Recreational consumer drones (Remotely Piloted Aircraft Systems (RPAS)) have grown in popularity and affordability in recent years. According to Recode in 2015, the market was projected to hit around $130 million in sales, by 2018 that number is expected to soar to $1 billion.
Consumer drones had been held back by the high price tag but increasing competition among drone manufacturers is pushing down costs, particularly among higher-end models that can shoot photos and live stream video.
After Senator Pauline Hanson’s social media scandal in July this year, where she was shown standing on the balcony of a high-rise building in Townsville flying a DJI Mavic drone, it is clear that not all recreational drone users know the law.
Recreational drone operators do not need a certificate or license but must abide by CASA Regulations detailed in Civil Aviation Safety Regulations Part 101 which covers all recreational unmanned aerial vehicles (UAVs) (other than a balloon or kite), including model aircraft, remote controlled aeroplanes and helicopters, blimps, rockets, kites, pyrotechnics and drones.
- No night flying (generally) and no flying in cloud or fog
- Being able to see the aircraft with your own eyes (not with the help of binoculars or telescope for example)
- Not flying within 30 metres of people or property (vessels, structures, vehicles)
- Not flying over populous areas where the drone – if it fails – could hit someone
- Not flying higher than 400 feet (120 metres) in controlled airspaces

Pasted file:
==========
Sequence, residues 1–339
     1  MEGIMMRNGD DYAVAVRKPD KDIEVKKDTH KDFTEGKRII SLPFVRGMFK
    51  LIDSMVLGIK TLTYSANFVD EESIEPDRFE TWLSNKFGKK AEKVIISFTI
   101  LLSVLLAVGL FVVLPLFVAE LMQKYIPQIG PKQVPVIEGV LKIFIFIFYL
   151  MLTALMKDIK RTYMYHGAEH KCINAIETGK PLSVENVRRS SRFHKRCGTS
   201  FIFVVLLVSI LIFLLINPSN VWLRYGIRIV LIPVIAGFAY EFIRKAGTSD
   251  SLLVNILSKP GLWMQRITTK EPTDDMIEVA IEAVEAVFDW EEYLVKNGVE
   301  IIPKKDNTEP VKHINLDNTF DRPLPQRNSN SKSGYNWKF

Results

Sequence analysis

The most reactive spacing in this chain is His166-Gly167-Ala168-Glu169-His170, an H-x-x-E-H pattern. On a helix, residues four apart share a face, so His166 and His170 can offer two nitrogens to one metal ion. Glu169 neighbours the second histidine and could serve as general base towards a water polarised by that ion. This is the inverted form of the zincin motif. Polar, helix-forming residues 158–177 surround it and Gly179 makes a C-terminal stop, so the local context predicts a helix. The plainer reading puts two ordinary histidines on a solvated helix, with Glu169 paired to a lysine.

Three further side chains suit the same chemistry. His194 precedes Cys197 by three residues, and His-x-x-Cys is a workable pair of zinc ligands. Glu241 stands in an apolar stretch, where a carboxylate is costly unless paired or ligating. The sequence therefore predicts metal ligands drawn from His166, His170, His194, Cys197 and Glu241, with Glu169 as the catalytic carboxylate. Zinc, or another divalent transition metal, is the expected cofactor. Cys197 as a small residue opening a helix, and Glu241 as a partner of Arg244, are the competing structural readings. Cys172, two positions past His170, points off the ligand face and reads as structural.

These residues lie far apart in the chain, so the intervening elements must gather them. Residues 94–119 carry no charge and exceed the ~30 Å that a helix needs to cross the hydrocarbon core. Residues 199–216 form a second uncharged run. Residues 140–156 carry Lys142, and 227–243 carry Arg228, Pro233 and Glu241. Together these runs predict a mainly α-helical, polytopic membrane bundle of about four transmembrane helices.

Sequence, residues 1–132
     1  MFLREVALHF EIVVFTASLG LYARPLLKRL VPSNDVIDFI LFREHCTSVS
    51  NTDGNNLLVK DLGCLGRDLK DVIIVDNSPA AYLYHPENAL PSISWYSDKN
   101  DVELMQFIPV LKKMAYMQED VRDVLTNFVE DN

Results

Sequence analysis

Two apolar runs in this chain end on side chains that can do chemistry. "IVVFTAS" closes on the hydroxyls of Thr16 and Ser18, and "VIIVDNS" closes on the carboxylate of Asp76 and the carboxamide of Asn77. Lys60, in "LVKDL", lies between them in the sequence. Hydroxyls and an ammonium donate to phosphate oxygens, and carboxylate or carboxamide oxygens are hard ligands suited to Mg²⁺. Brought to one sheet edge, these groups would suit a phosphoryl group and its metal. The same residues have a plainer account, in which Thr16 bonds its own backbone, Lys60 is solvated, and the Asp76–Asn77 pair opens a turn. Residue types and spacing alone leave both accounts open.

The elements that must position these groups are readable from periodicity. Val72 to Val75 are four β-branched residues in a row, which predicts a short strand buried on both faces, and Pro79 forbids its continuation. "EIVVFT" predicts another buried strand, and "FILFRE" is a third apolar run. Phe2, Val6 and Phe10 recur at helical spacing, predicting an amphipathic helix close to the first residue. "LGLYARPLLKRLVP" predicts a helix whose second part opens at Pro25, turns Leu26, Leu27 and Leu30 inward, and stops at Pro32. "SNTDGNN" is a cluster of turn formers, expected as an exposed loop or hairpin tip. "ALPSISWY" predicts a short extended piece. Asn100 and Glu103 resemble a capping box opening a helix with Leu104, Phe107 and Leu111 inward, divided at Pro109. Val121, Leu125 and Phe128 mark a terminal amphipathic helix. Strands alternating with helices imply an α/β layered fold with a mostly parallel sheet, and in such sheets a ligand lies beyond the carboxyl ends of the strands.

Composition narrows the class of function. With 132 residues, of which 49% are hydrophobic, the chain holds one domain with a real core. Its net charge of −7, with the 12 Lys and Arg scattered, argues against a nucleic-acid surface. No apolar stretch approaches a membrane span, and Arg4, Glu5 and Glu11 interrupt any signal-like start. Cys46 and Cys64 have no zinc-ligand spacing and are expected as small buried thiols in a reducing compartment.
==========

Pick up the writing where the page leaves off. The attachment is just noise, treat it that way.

- To be safe, CASA recommends keeping your drone at least 5.5 kilometres away from any airfield.
It is the responsibility of the operator of a UAV to ensure that the aircraft is flown safely and in accordance with the regulations.
It is important to be aware that operators could still face penalties even if they inadvertently breach the regulations. In a recent UK decision: The United Kingdom Civil Aviation Authority v Robert Knowles (unreported, 2014), Mr Knowles was operating his drone legally in a wide open field when during the flight his remote lost radio contact with the drone and it flew out of his control for three minutes, flying within 50m of a bridge and over a nuclear facility before crashing in a river channel. Mr Knowles was prosecuted and fined £800 plus court costs of £3,500.
Only last month, a recreational drone user was investigated by CASA after flying a drone over a crowded Bunnings carpark to pick up a sausage at a sausage sizzle. The video posted on YouTube shows several breaches of the rules, including: flying a drone out of visual line of sight — assuming that it is being piloted from the backyard hot tub depicted in the video; flying within 30 metres of people; and flying over a populated area.
Recreational drone users are also advised to respect personal privacy by not recording or taking photos of people without their consent, breaching state and territory privacy or trespass laws, or even copyright legislation for camera operation depending on how and where the drone is flown, and whether audio, video or photographic footage is recorded. Airspace above private land may be considered private property, to the extent that the airspace is necessary for using the land below it.
Potential fines for breaching the regulations range from $900 to $9,000 and if someone is injured by a drone, Australia’s Civil Aviation Safety Authority (CASA) can seek prosecution.
If you are a new drone pilot or consumer seeking guidance on drone rules including drones for commercial use, feel free to contact our Business Law team by submitting an online inquiry, or calling us on (07) 5592 1921.